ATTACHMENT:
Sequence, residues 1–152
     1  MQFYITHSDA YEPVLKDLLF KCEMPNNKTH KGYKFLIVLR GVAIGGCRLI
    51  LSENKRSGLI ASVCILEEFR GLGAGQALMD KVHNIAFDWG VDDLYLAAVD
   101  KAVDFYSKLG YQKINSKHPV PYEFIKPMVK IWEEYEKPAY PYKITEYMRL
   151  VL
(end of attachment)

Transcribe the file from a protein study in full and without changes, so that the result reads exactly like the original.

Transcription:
Sequence, residues 1–152
     1  MQFYITHSDA YEPVLKDLLF KCEMPNNKTH KGYKFLIVLR GVAIGGCRLI
    51  LSENKRSGLI ASVCILEEFR GLGAGQALMD KVHNIAFDWG VDDLYLAAVD
   101  KAVDFYSKLG YQKINSKHPV PYEFIKPMVK IWEEYEKPAY PYKITEYMRL
   151  VL